Teaching kids to have good self-control by keeping their hands to themselves and to not speak out of turn can be difficult to do. A lot of the time kids don’t realize that blurting out answers or statements is disruptive and touching things or pestering classmates is rude. This collection of books and videos teaches these valuable lessons in self-control by using scenarios that your students can relate to and will better understand how having self-control not only benefits those around them but also themselves.
Books That Teach Self-Control
Books can be a very powerful tool for teaching social emotional skills. The books below do an amazing job of showing kids how having self-control affects everyone in their orbit. If you are interested in follow up question and answer sheets for each of these books you can find them in our Social Emotional Learning Curriculum.
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1. My Mouth is a Volcano! by: Julia Cook
My Mouth Is A Volcano takes an empathetic approach to the habit of interrupting and teaches children a witty technique to help them manage their rambunctious thoughts and words.
2. Lilly’s Purple Plastic Purse by: Kevin Henkes
Lilly loves everything about school, especially her teacher, Mr. Slinger–until he takes away her musical purse because she can’t stop playing with it in class.
3. Clark The Shark by: Bruce Hale
Clark is a shark with zing, bang, and boom. He zooms into school, crashes through the classroom, and is rowdy at recess. Clark loves life—but when his enthusiasm is too much for his friends, Clark’s teacher, Mrs. Inkydink, helps him figure out a way to tone it down.
4. We Don’t Eat Our Classmates by: Ryan T. Higgins
Fans of macabre, tongue-in-cheek humor (and twist endings!) will enjoy time spent with Penelope.
Videos That Teach Self-Control
Each of these videos shows ways in which your little learners can learn to practice self-control. You can find follow-up questions to each video within The SEL Curriculum to have deeper discussions on why self-control is important with your students if that interest you.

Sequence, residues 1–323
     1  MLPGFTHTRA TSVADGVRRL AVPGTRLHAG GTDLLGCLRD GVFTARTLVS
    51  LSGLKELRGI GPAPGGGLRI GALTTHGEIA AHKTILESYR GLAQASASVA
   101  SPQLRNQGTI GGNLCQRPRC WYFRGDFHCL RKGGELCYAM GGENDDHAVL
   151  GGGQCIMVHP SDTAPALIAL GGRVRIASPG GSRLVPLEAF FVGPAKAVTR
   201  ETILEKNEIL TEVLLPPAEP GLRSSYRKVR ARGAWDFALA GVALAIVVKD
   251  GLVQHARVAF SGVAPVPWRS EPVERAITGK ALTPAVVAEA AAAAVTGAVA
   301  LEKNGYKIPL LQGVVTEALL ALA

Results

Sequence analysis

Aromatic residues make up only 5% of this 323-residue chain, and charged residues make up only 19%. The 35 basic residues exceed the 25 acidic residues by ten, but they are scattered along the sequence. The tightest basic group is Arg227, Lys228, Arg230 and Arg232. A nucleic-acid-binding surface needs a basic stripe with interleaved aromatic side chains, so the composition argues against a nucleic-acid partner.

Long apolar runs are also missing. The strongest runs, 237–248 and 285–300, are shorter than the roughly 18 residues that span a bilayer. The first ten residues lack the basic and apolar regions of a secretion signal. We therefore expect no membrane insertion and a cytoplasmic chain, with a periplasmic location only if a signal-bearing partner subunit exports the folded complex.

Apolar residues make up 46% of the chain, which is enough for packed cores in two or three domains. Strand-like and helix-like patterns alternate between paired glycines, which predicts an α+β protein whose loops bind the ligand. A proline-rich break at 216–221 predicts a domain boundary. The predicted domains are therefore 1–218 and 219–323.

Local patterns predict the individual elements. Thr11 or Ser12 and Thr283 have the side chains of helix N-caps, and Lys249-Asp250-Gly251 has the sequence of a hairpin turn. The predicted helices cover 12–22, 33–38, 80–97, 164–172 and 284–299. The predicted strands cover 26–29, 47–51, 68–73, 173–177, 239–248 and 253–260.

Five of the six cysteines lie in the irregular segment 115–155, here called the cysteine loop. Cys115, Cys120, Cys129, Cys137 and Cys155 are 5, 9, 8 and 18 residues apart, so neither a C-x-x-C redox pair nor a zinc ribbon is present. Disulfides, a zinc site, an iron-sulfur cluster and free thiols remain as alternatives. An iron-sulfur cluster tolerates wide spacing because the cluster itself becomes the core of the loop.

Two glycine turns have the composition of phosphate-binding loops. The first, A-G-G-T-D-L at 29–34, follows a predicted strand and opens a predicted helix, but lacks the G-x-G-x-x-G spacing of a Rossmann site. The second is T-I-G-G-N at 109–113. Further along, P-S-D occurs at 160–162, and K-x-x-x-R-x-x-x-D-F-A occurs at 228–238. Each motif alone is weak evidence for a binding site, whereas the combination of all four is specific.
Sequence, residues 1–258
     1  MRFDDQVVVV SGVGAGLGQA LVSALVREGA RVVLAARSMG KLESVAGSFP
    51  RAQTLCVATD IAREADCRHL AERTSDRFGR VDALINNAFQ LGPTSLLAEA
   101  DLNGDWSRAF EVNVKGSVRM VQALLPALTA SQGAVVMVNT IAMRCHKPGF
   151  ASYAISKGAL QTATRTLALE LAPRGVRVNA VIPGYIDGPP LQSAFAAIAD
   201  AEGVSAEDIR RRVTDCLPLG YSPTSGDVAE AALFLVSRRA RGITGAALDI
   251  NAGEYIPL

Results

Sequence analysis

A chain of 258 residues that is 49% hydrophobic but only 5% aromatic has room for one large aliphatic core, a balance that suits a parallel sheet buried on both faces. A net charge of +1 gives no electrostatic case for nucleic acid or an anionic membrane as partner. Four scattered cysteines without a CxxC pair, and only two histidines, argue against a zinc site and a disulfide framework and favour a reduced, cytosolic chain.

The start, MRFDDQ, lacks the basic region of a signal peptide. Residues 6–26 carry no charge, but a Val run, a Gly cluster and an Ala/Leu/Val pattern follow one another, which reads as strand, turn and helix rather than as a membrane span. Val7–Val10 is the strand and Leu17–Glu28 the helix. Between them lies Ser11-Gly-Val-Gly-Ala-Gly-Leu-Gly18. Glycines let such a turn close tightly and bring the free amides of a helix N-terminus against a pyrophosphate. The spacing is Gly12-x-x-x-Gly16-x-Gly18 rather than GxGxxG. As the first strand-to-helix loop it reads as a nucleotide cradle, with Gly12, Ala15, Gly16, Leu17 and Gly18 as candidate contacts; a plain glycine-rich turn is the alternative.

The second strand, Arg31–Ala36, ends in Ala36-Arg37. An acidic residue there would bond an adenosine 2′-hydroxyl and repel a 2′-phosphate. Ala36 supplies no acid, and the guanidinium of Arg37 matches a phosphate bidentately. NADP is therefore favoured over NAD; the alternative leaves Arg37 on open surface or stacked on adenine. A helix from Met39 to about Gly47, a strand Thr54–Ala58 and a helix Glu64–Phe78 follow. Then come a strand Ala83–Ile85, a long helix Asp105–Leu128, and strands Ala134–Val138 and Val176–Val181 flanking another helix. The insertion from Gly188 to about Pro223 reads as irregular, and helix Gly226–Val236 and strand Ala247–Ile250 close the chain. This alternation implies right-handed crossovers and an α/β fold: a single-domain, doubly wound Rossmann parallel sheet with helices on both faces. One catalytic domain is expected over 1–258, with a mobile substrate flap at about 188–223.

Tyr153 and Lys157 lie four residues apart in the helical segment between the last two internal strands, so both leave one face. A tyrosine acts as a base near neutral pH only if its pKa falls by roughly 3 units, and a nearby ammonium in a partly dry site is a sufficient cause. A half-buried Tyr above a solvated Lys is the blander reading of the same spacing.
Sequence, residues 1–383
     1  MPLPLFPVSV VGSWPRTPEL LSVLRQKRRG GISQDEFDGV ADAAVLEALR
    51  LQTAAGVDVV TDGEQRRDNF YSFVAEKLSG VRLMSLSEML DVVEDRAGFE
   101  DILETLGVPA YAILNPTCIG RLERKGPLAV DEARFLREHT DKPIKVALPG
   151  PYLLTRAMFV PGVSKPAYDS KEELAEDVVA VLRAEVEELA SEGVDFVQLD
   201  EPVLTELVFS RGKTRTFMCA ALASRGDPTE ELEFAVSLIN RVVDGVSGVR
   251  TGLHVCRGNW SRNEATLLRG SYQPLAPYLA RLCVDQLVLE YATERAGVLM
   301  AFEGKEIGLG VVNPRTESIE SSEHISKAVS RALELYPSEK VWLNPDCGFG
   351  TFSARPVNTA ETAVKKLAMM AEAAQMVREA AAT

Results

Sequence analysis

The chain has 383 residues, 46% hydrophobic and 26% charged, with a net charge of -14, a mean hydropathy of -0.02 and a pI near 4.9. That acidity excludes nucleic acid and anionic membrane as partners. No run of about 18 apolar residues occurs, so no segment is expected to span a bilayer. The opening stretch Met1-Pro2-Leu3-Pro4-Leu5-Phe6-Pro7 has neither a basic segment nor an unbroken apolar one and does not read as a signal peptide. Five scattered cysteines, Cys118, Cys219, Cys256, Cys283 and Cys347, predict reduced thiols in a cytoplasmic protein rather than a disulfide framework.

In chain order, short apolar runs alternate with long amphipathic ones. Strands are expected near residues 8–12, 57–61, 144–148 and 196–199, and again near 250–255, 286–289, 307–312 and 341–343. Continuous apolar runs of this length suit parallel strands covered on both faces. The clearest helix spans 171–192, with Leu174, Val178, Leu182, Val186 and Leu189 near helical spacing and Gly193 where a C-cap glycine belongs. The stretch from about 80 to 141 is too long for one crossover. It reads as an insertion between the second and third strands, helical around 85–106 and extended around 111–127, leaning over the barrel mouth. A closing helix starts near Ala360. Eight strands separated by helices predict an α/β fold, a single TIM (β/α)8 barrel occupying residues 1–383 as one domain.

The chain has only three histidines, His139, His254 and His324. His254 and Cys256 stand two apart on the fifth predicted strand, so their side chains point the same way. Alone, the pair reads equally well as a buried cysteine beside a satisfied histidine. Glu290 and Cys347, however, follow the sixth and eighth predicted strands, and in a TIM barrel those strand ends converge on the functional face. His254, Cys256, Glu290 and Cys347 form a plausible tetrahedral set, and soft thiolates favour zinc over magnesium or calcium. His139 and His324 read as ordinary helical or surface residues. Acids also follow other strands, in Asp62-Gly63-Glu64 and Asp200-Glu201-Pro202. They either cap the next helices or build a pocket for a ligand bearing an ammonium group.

1. Be The Pond
A short mindfulness video for kids. This video explains in a kid-friendly way that we are separate from our feelings. They come and go – and we can observe them – without getting swept up by them. There’s a really clever way of remembering this – our mind is like a pond full of fish. The fish are our feelings. If we remember to Be The Pond, we’ll let those feelings just swim by. Be the Pond!
2. 5 Things You Can Control
We may not be able to control the weather, the time, or what anyone things, but we can control five very simple things: Our Attitude, words, actions, manners, and effort.
3. Cookie Monster Practices Self-Control
Cookie Monster joins NPR’s Life Kit Parenting Podcast to talk about practicing self-control, especially when you have to wait for something you really want… like a plate of delicious chocolate chip cookies.
4. Managing Impulsivity
Video shows kids how to manage impulsive behavior.
Self-Control Activities for the Classroom
We recommend using the following activities to solidify your little learners understanding of the concept of self-control. All of these resources can be found inside of The Social Emotional Learning full-year curriculum. There are 12 different character traits in total as well as, daily lessons, videos, songs, read alouds with questions, home connections, art projects and more! You can also find video trainings about Breathing Techniques, Calm Down Corners, Self Regulation, Morning Meetings, Developing Student Relationships, and more included in the curriculum!
1. Self-Control Anchor Chart
Use this anchor chart as a whole group activity, independent activity, or both! There are many options for this chart. You could display it on the SMART Board and fill it out with your class or even have your students fill out their version along with you! I have also seen teachers enlarge this anchor chart as a large poster and given their students post it notes to place on the anchor chart to make it more interactive.
2. Self-Control Scenario Cards
Use these as a tool for a whole group discussion or even writing prompt! There are 8 scenario cards included. Each scenario is relatable to your students and prompts them to decide what they would do if they were faced with the same scenario. We have also included full page scenario card options for you to display on your SMART board. These are great to use for morning meeting discussions!
3. Self-Control Strategies Wheel
WHEEL CREATION•Students can select 8 self-control strategies they like to use. They color the pictures for those strategies, cut them out, and glue them on the blank wheel.•Teachers can select 8 self-control strategies to teach. After it is taught, students can color the pictures for the strategy, cut it out, and glue them onto their blank wheel.
USING THE WHEEL•Students can spin the wheel to see what strategy to use at a particular time.•Students can spin the wheel and share with a partner about a time when they used that strategy.•They can also spin the wheel to show the teacher which strategy they used in a calm-down time.•Students can spin the wheel and teach a partner how to use that particular strategy.
4. Self-Control Coloring Pages
We have created a Kindness coloring page for your students to use during their spare time, during a read aloud, or even as a reward. We hope you like it!